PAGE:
Friday, October 24, 2008

Who's sorry now?

O.K. So I can *finally* talk about it without twitching or mumbling under my breath! I went and picked the horse up. . .and it was a mess. Worse than I imagined. I took the following photos before I cleaned all the dirt and fly poo off. Apparently a couple of weeks spent living on the street is pretty hard even for a fiberglass colt. He was dirty, to say the least . . .but, oh dear. . .the damage. *sigh* :^(

The first and second pics show just a few of the MANY hairline cracks he was covered with. These thin cracks are all over the place in the other pics as well but not really obvious until you click on the photos to enlarge them. The really depressing part about these cracks is that they're on the *opposite* side from where the impact occurred. The top surface of the fiberglass figure is made of a thin layer of resin material. A good hard bump in one spot can shatter a much larger area.

The third photo is of the crack that runs up between the front legs. There are several fractures that go down the inside of the leg on the left about 6 or 7 inches.

The next two pics show the break that almost completely circled the left foreleg of the colt. Again, this is the opposite side from where the impact occurred but, because the colts feet were bolted to a small rolling wooden platform, the shock of the fall came very close to shearing this leg off entirely. There is only about 2 inches of material on the inside portion holding the entire leg on.

So far, you've seen the not so good and the really bad. . . but now prepare yourselves for the truly ugly.
The photos really do speak for themselves. On the largest crack, one edge has been literally shoved under the the other edge! If you enlarge the first shoulder photo here, you can see the crack extends a good way down the leg toward the knee.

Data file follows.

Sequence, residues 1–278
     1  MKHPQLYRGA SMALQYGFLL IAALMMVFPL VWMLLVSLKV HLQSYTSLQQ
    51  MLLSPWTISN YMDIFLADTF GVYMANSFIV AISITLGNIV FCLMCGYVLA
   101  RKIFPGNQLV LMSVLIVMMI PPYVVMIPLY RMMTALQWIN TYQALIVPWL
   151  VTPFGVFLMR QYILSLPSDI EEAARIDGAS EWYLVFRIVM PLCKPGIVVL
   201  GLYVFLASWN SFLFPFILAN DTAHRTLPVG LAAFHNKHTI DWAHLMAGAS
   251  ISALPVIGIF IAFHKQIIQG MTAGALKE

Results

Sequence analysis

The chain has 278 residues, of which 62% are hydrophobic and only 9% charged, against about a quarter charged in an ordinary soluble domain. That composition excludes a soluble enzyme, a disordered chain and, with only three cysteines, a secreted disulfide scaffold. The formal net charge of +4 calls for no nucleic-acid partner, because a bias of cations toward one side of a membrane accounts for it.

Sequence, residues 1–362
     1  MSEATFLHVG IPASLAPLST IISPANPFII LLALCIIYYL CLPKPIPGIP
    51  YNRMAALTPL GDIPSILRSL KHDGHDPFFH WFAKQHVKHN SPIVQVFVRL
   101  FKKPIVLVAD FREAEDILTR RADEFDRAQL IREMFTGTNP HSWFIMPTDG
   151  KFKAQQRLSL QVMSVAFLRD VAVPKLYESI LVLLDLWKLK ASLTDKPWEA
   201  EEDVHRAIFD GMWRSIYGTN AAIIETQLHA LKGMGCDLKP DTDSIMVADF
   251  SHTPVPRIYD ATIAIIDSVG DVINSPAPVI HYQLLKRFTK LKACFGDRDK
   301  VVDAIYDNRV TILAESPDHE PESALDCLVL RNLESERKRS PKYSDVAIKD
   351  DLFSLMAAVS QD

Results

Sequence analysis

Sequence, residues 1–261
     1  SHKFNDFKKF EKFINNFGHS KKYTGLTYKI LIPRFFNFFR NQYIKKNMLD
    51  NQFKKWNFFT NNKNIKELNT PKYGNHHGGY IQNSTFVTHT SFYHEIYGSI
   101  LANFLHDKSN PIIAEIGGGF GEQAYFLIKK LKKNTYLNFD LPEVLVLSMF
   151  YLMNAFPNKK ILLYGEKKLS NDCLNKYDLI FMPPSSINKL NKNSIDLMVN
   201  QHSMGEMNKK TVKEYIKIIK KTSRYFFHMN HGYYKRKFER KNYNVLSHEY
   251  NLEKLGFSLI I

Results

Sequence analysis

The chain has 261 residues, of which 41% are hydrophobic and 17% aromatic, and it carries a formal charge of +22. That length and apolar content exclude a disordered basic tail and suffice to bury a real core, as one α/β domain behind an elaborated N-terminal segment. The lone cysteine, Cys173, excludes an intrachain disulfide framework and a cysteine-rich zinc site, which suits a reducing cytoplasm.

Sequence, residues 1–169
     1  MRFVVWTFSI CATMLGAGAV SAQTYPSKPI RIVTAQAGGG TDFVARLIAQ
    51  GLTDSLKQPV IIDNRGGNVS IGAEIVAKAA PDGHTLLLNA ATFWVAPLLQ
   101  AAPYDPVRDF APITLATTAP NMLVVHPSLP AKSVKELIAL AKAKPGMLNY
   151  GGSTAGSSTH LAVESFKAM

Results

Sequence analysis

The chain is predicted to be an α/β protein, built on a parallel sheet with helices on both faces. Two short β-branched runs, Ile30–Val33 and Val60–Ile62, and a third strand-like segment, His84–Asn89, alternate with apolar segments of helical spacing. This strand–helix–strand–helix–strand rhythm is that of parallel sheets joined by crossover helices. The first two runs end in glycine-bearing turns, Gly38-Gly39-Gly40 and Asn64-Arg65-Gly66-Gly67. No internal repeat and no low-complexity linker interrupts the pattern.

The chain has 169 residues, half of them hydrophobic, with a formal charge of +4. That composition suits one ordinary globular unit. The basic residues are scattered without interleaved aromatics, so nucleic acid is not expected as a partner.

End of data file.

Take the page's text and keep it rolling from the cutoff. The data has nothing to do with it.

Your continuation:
The front photo of the chest (when enlarged) shows the extensive hairline cracks across the area, reaching almost to the other side. Needless to say, I was pretty "broken up" about all this. . .har har. (pun intended) There was SO much work to be done. . . I began to wish someone had just stolen it. . . or maybe it could go flying out of the back of the pickup while I was doing 65 on the highway? Seriously, I wanted it to disappear.
Naturally I didn't really get going on him until the last minute. . . partially because my heart just wasn't in it any longer, but mostly because I had absolutely no idea where to start or even how to go about fixing him. My Dad had some ideas, but some of them sounded sort of scary and like they might cause more damage than they would repair. I heard mention of prying something up, and banging it with a hammer. (?) By the time the new deadline was approaching (Oct 4th for the live auction) I was out of excuses and agreed to let Dad help me however he could.